Employers with less than 50 employees — here’s what you need to know about the Affordable Care Act (Obamacare) mandate.
As the craziness of 2020 begins to come to a close, most everyone, including small businesses, are looking forward to a better year in 2021 and are planning in all kinds of ways to make that happen.
If you’re a small business employer that has been weathering a global pandemic for almost the entire year, healthcare benefits are probably on your mind. Whether you are looking to offer health insurance for the first time, are looking for better healthcare alternatives for your employees, or your business has grown and you’re wondering if your business is now impacted by the Affordable Care Act (ACA) requirements, there can be a lot to comb through.
Luckily, we’ve done most of the preliminary research for you. Here’s everything you need to know about how the ACA (otherwise known as Obamacare) impacts your small business — especially if you have less than 50 full-time employees.
Is my small business subject to the ACA employer mandate?
The Affordable Care Act mandates that any employers with 50 full-time or full-time equivalent (FTE) employees offer their full-time employees and their eligible dependents health insurance. If you have less than 50 employees, you’re exempt from the mandate, but that doesn’t mean that Obamacare isn’t something you should look into. It still has plenty to offer small business owners.
Some states consider companies with 51-100 employees small businesses that are exempt from the requirements. Be sure to check out the rules in your particular state.
If you have less than 50 employees, you’re exempt from the mandate, but that doesn’t mean that Obamacare isn’t something you should look into. It still has plenty to offer small business owners.
Understanding the ACA’s SHOP option
Don’t worry, businesses with less than 50 full-time employees aren’t left out to dry — they’re simply exempt from the mandate that requires those with 50 or more full-time employees to offer affordable insurance. If you still want to offer health or dental insurance to your workers though the Marketplace, the Small Business Health Options Program (or SHOP for short) is for you.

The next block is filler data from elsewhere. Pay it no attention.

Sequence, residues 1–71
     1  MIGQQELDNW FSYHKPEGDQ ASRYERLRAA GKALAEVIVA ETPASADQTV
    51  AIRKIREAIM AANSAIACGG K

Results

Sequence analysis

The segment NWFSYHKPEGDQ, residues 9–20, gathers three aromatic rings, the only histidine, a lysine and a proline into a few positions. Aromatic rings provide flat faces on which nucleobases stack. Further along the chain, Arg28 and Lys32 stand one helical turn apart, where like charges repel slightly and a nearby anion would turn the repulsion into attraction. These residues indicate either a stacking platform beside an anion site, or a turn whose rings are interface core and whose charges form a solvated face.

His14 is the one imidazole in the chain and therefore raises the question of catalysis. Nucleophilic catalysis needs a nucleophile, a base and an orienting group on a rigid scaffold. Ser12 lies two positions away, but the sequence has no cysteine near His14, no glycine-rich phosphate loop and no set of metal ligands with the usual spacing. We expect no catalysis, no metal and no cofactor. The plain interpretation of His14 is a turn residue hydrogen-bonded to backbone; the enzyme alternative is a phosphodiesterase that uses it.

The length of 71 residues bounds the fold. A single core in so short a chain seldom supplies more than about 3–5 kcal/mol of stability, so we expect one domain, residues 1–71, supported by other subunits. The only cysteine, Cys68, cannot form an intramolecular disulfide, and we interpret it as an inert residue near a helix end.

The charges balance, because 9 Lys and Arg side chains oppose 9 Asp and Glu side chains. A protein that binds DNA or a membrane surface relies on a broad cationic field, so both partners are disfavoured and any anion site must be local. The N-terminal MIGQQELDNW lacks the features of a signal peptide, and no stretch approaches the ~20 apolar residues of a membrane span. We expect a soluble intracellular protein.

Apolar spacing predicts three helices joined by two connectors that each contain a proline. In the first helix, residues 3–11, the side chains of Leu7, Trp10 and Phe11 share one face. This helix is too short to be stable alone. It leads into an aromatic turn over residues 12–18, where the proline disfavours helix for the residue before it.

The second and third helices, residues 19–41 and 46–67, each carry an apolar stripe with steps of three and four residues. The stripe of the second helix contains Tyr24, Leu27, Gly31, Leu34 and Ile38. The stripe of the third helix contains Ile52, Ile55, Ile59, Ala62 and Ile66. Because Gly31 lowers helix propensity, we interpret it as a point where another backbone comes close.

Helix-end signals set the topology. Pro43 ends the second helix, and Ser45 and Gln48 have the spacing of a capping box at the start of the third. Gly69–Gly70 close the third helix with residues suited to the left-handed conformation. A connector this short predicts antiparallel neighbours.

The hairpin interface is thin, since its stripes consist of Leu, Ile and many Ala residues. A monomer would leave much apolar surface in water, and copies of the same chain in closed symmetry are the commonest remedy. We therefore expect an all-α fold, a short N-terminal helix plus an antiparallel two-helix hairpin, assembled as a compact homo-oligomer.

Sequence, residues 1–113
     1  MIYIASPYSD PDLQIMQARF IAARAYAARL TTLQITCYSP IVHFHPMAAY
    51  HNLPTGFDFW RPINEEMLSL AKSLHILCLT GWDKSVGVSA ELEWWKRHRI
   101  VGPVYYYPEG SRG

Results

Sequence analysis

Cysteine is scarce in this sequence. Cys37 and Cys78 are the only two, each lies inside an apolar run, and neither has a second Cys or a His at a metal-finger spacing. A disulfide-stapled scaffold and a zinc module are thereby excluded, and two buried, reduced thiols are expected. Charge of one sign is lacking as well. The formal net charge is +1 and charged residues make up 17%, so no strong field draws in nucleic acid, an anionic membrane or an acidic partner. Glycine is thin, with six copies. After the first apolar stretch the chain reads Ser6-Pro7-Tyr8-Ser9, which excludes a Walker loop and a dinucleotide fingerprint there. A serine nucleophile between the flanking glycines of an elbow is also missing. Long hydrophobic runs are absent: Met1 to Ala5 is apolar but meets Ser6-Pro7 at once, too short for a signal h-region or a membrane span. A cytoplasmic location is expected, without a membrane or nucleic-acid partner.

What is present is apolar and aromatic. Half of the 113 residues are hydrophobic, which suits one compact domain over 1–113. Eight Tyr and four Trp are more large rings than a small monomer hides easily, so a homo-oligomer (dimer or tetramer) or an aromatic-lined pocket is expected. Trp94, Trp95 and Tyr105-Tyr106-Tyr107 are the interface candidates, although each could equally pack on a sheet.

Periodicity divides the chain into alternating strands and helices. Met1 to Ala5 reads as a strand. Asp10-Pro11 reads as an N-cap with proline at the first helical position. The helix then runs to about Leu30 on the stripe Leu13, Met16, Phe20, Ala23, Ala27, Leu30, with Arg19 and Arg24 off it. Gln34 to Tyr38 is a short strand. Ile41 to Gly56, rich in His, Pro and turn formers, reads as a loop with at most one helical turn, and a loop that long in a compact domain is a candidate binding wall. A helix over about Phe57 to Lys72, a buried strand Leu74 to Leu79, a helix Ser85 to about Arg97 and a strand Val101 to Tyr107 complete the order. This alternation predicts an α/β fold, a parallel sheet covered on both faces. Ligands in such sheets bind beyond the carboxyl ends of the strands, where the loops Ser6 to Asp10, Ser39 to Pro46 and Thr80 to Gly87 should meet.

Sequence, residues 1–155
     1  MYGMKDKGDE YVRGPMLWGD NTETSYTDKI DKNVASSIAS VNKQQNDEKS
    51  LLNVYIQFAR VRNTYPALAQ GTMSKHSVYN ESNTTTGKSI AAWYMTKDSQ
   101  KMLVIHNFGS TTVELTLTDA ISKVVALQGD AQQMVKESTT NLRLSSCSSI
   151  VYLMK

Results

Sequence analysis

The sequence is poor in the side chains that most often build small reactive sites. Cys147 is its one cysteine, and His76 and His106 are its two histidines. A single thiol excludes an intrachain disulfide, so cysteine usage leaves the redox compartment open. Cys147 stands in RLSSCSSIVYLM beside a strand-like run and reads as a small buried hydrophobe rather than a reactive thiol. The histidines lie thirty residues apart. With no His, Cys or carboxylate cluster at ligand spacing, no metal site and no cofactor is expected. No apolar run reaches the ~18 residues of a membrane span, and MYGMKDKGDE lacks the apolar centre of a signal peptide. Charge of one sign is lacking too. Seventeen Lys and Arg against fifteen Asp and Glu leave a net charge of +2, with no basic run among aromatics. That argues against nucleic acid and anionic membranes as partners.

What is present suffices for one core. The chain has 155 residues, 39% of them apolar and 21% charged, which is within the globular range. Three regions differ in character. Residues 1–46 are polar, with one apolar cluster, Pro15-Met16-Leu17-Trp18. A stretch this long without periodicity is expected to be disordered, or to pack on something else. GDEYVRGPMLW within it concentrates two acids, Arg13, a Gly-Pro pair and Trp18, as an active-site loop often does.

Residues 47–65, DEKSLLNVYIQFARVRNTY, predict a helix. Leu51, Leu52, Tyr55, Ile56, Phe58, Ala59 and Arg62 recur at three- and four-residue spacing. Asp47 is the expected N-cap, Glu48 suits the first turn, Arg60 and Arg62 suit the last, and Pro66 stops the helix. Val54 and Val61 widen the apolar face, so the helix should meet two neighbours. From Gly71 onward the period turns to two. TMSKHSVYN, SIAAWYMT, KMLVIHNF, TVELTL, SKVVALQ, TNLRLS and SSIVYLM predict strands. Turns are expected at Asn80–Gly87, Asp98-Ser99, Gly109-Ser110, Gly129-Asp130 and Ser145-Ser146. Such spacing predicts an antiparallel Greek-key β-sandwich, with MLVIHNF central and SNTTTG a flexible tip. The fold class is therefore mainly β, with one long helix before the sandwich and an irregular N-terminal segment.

You can enroll in SHOP through either a private insurance company or with the assistance of a SHOP-registered agent or broker. Unlike the requirement put upon larger employers, small businesses that use SHOP can choose to offer health only, dental only, or both. You can also choose from a variety of plans with different coverage options and you decide how much (if any) you as the employer contribute to the costs.
The best part? If you have less than 25 employees, you can qualify for the Small Business Health Care Tax Credit if you offer SHOP to your employees.
Are there requirements I have to meet for SHOP?
If you do choose to offer health insurance, then you will have to meet some mandates:
- You have to offer coverage to all full-time employees. You don’t have to offer it to part-time or seasonal employees, but you can if you’d like.
- Enroll at least 70% of the employees you offer insurance to in order to enroll outside of the open enrollment period. Employees with alternative insurance coverage options aren’t counted as rejecting your business’s health insurance. Also, some states have different minimum participation requirements, so you’ll want to check out the rules for your specific state. If you don’t meet the minimum participation requirement, you can enroll during the November 15 – December 15 open enrollment period during any year. This is when the participation requirement is waived.
- You must have an office or “employee work site” within the state where you plan to use SHOP coverage. This Healthcare.gov page can help you pick which SHOP plan you want based on your state.
- If you do offer coverage, you’ll have to offer a standard benefits and coverage summary to your employees. These summaries explain the coverage options available to your workers.